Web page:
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Michael Devine On His New Miniseries The Undoing & Working With Nicole Kidman

 

The Undoing Series

Michael Devine, a former NYPD Detective, can now be seen in the upcoming HBO drama-thriller miniseries The Undoing starring Nicole Kidman and Hugh Grant. Essaying the role of Detective Paul O’Rourke, the actor gives us a glimpse of his new series slated to premiere on October 25, 2020.

by Haider Rifaat

You were a Detective Sergeant for the New York Police Department. How did the idea of acting come about?
I was an actor first. Growing up, it was all I ever wanted to be; it is what I went to college for. A few years after getting my degree in acting, I felt a shift in me—a higher call, I guess you would say. My father and grandfather were both cops; in fact, my father was killed in the line of duty when I was a kid. 

Despite originally choosing a profession far removed from law enforcement, I couldn’t deny what is in my blood, and I wanted to serve my community. So, much to the surprise of my family, friends and even myself, I put acting on hold and entered the New York City Police Academy in 1998. After a few years, I learned that there was marketability in being a real cop with a degree in acting, so for the majority of my time in the New York Police Department, I managed to juggle both careers.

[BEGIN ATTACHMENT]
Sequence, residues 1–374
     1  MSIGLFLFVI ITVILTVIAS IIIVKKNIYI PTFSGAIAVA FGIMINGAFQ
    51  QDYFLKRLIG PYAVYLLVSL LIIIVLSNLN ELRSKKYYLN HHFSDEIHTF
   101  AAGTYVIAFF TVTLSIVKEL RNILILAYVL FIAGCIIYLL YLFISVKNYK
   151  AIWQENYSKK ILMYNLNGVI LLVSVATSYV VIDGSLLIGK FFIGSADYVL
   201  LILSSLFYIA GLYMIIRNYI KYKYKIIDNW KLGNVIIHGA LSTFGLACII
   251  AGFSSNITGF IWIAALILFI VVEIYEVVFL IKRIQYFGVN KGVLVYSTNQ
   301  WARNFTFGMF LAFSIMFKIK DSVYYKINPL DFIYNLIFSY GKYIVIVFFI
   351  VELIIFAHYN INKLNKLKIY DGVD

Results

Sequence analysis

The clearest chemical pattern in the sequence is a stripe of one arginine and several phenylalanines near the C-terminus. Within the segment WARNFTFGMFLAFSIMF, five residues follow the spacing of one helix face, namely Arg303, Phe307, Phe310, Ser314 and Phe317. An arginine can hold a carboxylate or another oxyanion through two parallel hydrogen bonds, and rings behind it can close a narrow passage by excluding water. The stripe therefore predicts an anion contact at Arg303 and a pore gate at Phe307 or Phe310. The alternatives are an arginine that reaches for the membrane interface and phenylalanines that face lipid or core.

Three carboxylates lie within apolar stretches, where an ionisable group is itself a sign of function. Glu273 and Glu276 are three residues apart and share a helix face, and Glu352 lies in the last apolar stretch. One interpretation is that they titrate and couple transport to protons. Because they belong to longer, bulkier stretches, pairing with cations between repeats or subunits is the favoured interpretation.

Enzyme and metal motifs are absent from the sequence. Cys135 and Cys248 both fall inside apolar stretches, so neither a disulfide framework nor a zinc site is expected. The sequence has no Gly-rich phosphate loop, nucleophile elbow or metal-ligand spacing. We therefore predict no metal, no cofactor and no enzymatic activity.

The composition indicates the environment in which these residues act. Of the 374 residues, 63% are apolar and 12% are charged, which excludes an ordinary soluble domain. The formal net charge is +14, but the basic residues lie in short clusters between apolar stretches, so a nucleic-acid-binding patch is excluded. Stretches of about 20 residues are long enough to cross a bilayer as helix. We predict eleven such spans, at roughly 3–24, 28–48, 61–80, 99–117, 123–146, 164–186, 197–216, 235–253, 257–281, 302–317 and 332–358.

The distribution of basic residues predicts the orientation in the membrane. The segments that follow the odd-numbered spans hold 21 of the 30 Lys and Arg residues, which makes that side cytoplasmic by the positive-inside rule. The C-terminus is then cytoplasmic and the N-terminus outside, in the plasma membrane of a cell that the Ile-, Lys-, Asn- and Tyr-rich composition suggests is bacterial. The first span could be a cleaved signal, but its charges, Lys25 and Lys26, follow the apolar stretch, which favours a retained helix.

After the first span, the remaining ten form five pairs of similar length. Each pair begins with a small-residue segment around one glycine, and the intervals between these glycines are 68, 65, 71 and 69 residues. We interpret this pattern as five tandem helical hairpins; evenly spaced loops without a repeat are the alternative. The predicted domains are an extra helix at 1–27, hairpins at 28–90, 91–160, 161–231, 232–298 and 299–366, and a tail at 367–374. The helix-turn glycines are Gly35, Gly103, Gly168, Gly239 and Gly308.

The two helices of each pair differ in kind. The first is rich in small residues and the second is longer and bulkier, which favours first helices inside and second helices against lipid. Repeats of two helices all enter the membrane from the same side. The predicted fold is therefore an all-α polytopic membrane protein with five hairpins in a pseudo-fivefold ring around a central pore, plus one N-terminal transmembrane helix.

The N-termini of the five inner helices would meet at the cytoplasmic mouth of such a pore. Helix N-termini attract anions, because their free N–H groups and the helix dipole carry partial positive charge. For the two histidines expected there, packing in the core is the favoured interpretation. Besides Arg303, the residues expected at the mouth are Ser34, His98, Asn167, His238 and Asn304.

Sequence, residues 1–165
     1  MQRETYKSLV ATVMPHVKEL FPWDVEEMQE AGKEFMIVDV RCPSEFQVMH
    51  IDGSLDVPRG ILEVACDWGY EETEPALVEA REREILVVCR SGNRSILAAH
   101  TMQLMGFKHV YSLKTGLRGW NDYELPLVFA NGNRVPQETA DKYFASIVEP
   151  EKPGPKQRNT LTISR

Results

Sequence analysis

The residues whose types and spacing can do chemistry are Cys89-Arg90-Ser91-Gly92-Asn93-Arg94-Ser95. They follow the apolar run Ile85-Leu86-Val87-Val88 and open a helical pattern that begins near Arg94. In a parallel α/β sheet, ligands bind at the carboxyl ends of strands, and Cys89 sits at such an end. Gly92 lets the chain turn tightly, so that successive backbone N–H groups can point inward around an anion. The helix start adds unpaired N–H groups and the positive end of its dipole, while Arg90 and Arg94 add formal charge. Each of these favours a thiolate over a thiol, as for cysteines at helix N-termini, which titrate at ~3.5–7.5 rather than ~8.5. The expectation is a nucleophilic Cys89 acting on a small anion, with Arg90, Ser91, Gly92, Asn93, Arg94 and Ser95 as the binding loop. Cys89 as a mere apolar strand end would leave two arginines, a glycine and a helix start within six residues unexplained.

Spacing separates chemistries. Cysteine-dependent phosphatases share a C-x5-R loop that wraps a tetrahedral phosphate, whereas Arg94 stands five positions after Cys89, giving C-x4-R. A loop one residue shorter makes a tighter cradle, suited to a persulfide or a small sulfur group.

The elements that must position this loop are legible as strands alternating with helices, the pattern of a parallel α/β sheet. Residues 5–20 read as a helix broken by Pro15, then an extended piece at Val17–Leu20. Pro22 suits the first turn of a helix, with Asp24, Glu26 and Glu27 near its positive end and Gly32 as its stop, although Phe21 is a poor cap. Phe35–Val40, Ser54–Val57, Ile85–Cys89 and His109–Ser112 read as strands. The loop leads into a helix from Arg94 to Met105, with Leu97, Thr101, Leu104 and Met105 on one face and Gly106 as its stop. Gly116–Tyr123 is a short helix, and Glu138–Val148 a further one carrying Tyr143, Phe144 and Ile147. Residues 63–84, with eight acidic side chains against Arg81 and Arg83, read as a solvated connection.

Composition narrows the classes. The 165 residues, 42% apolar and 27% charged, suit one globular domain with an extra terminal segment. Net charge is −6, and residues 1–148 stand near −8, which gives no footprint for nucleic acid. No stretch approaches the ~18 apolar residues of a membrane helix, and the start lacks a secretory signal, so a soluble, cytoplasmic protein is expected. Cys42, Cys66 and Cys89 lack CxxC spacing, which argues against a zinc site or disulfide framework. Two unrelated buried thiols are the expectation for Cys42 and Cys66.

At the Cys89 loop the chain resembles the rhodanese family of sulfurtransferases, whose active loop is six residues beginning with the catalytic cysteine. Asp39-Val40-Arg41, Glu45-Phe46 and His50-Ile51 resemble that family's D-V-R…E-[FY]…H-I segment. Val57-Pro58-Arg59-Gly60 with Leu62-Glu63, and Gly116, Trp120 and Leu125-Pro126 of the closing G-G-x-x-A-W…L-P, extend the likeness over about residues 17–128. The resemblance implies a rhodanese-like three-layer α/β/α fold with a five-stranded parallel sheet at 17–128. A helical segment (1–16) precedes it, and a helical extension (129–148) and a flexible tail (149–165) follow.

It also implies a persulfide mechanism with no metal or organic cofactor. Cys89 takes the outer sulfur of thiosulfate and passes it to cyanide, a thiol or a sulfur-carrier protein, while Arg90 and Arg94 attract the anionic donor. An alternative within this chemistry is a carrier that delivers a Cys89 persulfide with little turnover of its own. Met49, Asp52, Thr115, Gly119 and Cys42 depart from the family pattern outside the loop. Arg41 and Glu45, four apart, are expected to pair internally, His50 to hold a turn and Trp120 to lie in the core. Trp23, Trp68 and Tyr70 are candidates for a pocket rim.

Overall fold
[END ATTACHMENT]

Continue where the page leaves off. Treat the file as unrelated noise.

Tell our readers about your upcoming HBO miniseries titled The Undoing. What is the show about?
The Undoing, which is based on a novel by Jean Hanff Korelitz, written by David E. Kelly and directed by Susanne Bier, is a psychological thriller starring Nicole Kidman and Hugh Grant. It is a challenge to talk about because there are so many twists and turns and nothing is as it appears. The Undoing is slick and contemporary but intrinsically, it is a classic whodunit. 

How has your past training as a former NYPD Detective Sergeant helped you prepare for the role of Detective Paul O’Rourke?
There were moments shooting The Undoing where I felt I reached the intersection of both careers. Many of our scenes involved questioning witnesses and possible suspects and in real policing, there is an art to interrogation. The tone and tempo are nuanced. Edgar and I went to the 23rd Precinct, where our characters are assigned, and we sat with real detectives and watched videos of interrogations. It is a cat-and-mouse game, illustrative of some of the larger themes in the show. As we all know, David E. Kelly has mastered this genre, so the path was there for us to follow.

Is it safe to say that you are playing yourself in the series?
Not so much myself but I did take elements from detectives I know. Recognizing that my partner in The Undoing, played by Edgar Ramirez, is very polished and suave, I looked to provide a counterpoint to that and thought of detectives I know who may be a little rough around the edges. So I loosened my tie and threw in a New York accent which, ironically, took me years to eliminate in myself.

Michael DevineDid you get the chance to share the screen with mainstay actors Nicole Kidman and Hugh Grant? If so, how was it like working with them? What did you learn from their craft?